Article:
Final Grade: B+

TELEVISION: In Plain Sight – In the Season Premiere, The Aftermath!

In Plain Sight [USA, Sunday, 10/9C] opens its second season immediately following the events of the first season finale. Marshal Mary Shannon [Mary McCormack] has lived through her kidnapping and, in getting herself free, has killed a man – now, in the season premiere, Mary is on administrative leave pending psychological evaluation [which will happen next week].

IN PLAIN SIGHT -- Pictured: (l-r) Nichole Hiltz as Brandi Shannon, Lesley Ann Warren as Jinx Shannon, Frederick Weller as Marshall Mann, Mary McCormack as Mary Shannon, Paul Ben-Victor as Stan McQueen -- USA Network Photo: Michael Muller

That means that when one of her witnesses is murdered, it’s Marshal Marshall [Fred Weller] who has to investigate – though their boss, Stan [the excellent Paul Ben-Victor] allows her to accompany him as an observer. To complicate things, there’s a new assistant, Eleanor [Holly Maples], in the office – and we all know how much Mary likes change.

One of the things that makes In Plain Sight unique is the combination of setting [Albuquerque] and milieu [the Federal Witness Protection Program]. It’s also different because its lead character, Mary Shannon is not just a tomboy in her dream job, but a person trying to juggle two-and-a-half families: one composed of her alcoholic ditz of a mother, Jinx [Lesley Ann Warren] and her equally ditzy but now drug-free sister, Brandi [Nicole Hiltz]; the second composed of her colleagues – father-figure Stan and brother Marshall; and the potential for yet another family with Raphael [Christian de la Fuente].

In the premiere, Mary is trying to deal with the previously mentioned murder; getting a witness to stay straight and testify against his cohorts in a pot-growing business, and the mess the FBI left her home in following the events of the first season finale. That’s a lot to deal with, and it’s heightened by Post Traumatic Stress Disorder.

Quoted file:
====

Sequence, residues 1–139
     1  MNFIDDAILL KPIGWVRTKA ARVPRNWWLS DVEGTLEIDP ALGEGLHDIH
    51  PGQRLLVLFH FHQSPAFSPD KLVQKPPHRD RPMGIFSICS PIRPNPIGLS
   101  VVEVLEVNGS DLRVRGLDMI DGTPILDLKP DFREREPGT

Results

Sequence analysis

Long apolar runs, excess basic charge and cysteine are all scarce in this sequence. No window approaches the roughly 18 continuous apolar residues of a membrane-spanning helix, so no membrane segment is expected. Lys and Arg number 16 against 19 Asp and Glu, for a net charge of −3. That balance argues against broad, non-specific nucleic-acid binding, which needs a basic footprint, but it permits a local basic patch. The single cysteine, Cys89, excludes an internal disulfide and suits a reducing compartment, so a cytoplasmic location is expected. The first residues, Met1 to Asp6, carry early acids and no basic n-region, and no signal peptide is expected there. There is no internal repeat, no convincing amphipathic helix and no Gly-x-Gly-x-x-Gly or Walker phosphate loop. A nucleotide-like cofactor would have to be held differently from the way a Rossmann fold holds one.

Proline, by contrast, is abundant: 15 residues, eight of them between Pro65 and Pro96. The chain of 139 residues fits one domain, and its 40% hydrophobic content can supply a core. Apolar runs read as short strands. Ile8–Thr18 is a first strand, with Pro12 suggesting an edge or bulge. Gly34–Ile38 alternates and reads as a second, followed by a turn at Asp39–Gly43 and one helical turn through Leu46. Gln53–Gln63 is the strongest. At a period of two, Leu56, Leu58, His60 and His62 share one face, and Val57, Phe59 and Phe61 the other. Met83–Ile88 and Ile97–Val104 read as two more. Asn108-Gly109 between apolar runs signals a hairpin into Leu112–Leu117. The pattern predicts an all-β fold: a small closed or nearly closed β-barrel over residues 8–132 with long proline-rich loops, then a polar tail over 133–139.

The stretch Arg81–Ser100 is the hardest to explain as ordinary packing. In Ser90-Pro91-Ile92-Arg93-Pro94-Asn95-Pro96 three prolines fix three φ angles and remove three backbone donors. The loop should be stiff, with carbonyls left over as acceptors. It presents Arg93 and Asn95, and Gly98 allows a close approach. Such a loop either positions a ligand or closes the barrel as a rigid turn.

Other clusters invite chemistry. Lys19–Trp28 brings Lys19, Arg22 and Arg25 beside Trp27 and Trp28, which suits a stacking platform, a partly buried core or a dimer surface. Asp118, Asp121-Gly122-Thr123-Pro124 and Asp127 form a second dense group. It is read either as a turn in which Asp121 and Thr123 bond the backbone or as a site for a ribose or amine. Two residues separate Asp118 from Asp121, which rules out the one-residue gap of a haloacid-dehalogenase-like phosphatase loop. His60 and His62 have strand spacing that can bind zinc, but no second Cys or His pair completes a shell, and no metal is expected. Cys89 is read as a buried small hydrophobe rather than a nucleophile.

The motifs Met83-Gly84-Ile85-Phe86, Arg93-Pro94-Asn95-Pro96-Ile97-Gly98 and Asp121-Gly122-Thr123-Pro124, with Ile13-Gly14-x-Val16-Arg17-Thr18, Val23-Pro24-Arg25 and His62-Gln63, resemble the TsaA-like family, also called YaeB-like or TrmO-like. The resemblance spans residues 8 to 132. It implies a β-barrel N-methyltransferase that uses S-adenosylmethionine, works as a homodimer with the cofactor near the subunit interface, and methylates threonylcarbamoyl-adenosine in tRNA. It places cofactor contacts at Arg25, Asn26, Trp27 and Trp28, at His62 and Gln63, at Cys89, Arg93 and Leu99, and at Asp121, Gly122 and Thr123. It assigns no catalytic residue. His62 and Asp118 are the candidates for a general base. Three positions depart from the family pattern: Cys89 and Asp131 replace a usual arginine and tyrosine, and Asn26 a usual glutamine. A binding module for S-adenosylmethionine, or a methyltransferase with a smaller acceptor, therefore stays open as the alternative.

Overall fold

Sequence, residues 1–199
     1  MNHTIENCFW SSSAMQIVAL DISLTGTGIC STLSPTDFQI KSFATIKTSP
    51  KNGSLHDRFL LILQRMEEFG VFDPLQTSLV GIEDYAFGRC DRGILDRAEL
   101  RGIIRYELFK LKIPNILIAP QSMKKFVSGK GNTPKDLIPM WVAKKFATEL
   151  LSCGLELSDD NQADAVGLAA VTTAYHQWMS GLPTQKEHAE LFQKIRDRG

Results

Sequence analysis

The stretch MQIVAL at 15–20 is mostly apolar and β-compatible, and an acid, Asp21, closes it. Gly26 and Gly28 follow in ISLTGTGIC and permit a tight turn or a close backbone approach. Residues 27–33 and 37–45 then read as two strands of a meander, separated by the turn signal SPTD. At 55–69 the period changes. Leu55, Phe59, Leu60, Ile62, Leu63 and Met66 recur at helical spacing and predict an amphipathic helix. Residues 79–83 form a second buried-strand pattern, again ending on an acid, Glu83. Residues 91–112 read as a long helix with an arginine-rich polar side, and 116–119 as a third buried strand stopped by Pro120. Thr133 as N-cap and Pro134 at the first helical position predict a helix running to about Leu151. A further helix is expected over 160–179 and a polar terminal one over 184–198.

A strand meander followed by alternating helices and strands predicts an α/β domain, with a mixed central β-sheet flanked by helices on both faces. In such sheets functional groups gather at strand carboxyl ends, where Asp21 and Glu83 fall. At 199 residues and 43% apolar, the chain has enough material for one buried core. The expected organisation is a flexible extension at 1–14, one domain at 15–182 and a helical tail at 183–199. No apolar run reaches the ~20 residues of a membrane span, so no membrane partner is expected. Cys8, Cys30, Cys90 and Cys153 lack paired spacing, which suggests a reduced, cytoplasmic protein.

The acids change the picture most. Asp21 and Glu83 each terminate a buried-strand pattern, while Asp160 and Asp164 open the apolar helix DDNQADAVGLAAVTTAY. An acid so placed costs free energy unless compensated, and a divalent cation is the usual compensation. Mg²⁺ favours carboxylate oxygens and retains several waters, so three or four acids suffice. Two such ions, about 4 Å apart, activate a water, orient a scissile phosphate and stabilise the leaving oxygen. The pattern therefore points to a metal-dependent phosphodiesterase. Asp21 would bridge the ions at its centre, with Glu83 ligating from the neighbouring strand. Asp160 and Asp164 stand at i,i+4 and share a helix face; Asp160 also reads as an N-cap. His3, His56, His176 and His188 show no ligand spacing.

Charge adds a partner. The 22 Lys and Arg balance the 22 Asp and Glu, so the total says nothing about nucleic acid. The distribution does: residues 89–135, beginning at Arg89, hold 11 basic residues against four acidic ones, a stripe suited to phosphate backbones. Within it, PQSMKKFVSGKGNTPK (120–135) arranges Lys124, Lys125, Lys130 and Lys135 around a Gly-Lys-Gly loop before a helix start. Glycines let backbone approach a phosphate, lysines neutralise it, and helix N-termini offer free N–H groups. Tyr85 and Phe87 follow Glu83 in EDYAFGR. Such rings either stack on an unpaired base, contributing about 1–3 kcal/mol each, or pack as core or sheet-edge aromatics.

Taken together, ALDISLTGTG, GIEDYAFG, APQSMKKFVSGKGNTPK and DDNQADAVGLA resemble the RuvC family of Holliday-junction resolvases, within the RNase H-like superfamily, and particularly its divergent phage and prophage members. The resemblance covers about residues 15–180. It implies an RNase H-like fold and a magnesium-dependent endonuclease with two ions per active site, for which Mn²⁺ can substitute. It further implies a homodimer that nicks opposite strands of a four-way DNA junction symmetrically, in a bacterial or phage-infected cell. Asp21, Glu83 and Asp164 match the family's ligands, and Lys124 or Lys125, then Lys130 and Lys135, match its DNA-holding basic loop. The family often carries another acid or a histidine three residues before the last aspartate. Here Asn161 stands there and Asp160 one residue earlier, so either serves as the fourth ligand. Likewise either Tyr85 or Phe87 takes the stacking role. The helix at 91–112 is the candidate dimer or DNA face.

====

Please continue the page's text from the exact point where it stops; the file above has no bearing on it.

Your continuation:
If there’s one thing I didn’t expect in the second season premiere, Gilted Lily, it was for Brandi and Jinx to be so tolerable. They constitute the one part of the series that didn’t really work for me. They still exasperate Mary, but they are no longer out of this ditsy – they’ve grown a bit, and promise to grow a lot more over this season.

The show still revolves around Mary, though, and even Marshall is glad when he no longer has to be “the boss of her.” The addition of Eleanor to the marshals’ office adds a bit of grit to the one place where Mary really felt at home. Throughout the premiere, the writing is, perhaps, the best it’s been so far. The characters and situations feel right – and the development of Mary’s Post Traumatic Stress is so perfectly twisted that it provides humor and pathos simultaneously.

As the supporting cast becomes more interesting, In Plain Sight just continues to get better and better.

Final Grade: B+

TELEVISION: Law & Order: Criminal Intent – Goren and Eames… Back and In Form!

When Law & Order: Criminal Intent’s eighth season premieres on Sunday [USA, 9/8C], Detectives Goren [Vincent D’Onofrio] and Eames [Kathryn Erbe] tackle one of their strangest cases yet.


It begins with a press conference for Councilman Neil Hayes-Fitzpatrick about allegations of fiscal impropriety and moves into the murder of a drug addict/dealer, whose body winds up atop his girlfriend –and that’s how the police find them. The girl, Stacy, turns out to be the stepdaughter of Neil Hayes-Fitzpatrick [Scott Caan], who is running for mayor. His mother [Kathy Baker] is his campaign manager. Detective Goren notices something odd about the way Stacy behaves around her stepfather, and the episode builds from there to an unexpected conclusion.

As is usual in an L&O:CI episode that features Goren and Eames, it’s Goren’s powers of observation and deductive reasoning that put all the pieces together. Also as usual, it’s Eames whose thoughts seem to inspire Goren – in much the same way that Watson frequently inspired Holmes [forget the Basil Rathbone Holmes movies – in the Conan Doyle stories, Watson was smart, tough and resourceful].